Incremental Load in a Data Warehousing Environment

Incremental Load in a Data Warehousing Environment

Nayem Rahman (Intel Corporation, USA)
DOI: 10.4018/978-1-4666-0158-1.ch009
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Incremental load is an important factor for successful data warehousing. Lack of standardized incremental refresh methodologies can lead to poor analytical results, which can be unacceptable to an organization’s analytical community. Successful data warehouse implementation depends on consistent metadata as well as incremental data load techniques. If consistent load timestamps are maintained and efficient transformation algorithms are used, it is possible to refresh databases with complete accuracy and with little or no manual checking. This paper proposes an Extract-Transform-Load (ETL) metadata model that archives load observation timestamps and other useful load parameters. The author also recommends algorithms and techniques for incremental refreshes that enable table loading while ensuring data consistency, integrity, and improving load performance. In addition to significantly improving quality in incremental load techniques, these methods will save a substantial amount of data warehouse systems resources.
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1. Introduction

The data in the warehouse is subject-oriented, integrated, identified by a timestamp, and non-volatile (Inmon, 2002). The primary goal of data warehousing is to provide access to information that has high value for decision making (Brobst et al., 2008; Shin, 2003). It is designed to support strategic as well as tactical decisions, where each unit of data is relevant to some moment in time. Data warehouses get data from different heterogeneous sources. Because source and target tables reside in separate places a continuous flow of data from source to target is critical to maintain data freshness in the data warehouse.

A variety of ETL tools (Kambayashi et al., 1999) and data warehouse utilities are currently used to get data from source and load it into a data warehouse. Source data is often placed in the staging area (Rahman, 2007) of a data warehouse. Upon loading operational data into the staging area the data is immediately loaded in the analytical subject areas of a data warehouse. Data can be loaded into the analytical tables using database specific transformation tools. Because data is already in staging area and needs to be moved to the analytical area of the same data warehouse, one efficient and convenient way is to load the analytical tables via database specific software, such as stored procedures. It is convenient for the database transformation engine to migrate data from source to the target because the database engine already knows the table structure, data semantics and other parameters.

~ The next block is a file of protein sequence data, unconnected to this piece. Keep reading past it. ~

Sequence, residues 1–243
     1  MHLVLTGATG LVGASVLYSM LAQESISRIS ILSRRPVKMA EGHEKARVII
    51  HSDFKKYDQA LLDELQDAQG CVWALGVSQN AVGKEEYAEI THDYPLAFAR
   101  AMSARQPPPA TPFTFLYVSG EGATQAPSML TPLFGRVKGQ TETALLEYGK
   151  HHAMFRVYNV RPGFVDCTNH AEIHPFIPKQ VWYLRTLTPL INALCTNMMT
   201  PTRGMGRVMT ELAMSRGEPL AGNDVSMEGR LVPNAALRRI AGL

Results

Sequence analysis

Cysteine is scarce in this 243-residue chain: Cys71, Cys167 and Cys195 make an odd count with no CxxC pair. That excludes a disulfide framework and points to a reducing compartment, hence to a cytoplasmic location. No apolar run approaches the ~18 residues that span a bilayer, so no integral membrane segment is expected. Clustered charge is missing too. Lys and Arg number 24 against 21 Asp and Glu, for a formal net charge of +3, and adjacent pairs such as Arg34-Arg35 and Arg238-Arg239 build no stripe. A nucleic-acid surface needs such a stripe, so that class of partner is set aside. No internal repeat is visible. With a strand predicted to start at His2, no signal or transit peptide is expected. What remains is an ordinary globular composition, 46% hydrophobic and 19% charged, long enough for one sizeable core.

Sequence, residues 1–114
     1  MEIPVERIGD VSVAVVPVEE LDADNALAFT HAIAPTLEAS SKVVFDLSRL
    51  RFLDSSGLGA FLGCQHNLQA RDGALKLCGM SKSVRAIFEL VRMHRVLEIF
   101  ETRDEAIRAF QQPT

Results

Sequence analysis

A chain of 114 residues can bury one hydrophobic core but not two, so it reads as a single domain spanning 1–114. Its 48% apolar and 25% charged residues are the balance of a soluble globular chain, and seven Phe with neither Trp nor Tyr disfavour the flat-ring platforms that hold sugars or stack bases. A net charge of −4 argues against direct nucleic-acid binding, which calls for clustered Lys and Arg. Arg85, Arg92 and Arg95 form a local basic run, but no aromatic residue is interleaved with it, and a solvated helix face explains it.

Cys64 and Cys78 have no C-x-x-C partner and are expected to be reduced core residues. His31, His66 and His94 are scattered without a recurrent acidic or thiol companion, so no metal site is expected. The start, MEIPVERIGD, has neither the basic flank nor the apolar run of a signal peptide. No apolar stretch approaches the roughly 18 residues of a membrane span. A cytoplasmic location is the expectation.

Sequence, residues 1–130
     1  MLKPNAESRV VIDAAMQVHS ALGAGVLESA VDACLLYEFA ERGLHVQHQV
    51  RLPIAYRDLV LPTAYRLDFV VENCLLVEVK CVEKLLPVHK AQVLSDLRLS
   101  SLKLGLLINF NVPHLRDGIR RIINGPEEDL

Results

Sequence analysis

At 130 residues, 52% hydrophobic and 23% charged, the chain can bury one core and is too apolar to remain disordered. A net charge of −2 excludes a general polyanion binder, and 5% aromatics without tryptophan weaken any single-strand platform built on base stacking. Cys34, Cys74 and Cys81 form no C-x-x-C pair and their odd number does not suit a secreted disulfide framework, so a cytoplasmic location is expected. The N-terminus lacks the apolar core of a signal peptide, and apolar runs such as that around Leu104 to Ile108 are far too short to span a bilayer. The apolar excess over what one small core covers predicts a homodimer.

An efficient, flexible, and scalable data warehousing architecture requires a number of technical advances (Widom, 1995). Incremental (a.k.a., delta) refresh technique is one such important technical advance. In this paper, we explore the possibility of using stored procedures as opposed to external transformation tools. Both full and incremental refreshes can be done by executing database specific stored procedures. Incremental refresh is very important for several reasons. Because data warehouse tables hold a large volume of data it is not practical to perform complete table re-loads at the expense of re-computing during each refresh cycle. Incremental maintenance is usually much cheaper than re-computation (Lee & Kim, 2005; Chan et al., 2000). During the last decade, organizations used to rebuild a data warehouse periodically (Santos & Bernardino, 2008) – monthly, weekly or daily usually in the overnight hours while business users were not online. As the data warehouse increases in complexity and the demand for more up to date data increases, the possibility of maintaining the data warehouse in the same fashion becomes intractable (Bokun & Taglienti, 1998). With the advent of the Internet and increased global business operations by companies and business users located around the world, frequent data freshness has become more important than ever.

In order to increase the frequency of data freshness faster loading is essential. This frequent and faster loading requires availability of additional capacity of database systems. On the other hand, in order to have data warehouse reporting tools run efficiently, enough systems resources need to be reserved for these tools. While the amount of queries requesting up-to-date information is growing and the amount of data in the data warehouses has been increasing, the time window available to refresh data warehouse has been shrinking (Lee et al., 2001; Labio et al., 1999). All these factors demand that data warehouse loads need to be performed quickly, efficiently and without resource constraints. One technique that provides these is Incremental Refresh (Bokun & Taglienti, 1998). Incremental Refresh can help maintain a healthy and stable enterprise data warehousing environment.

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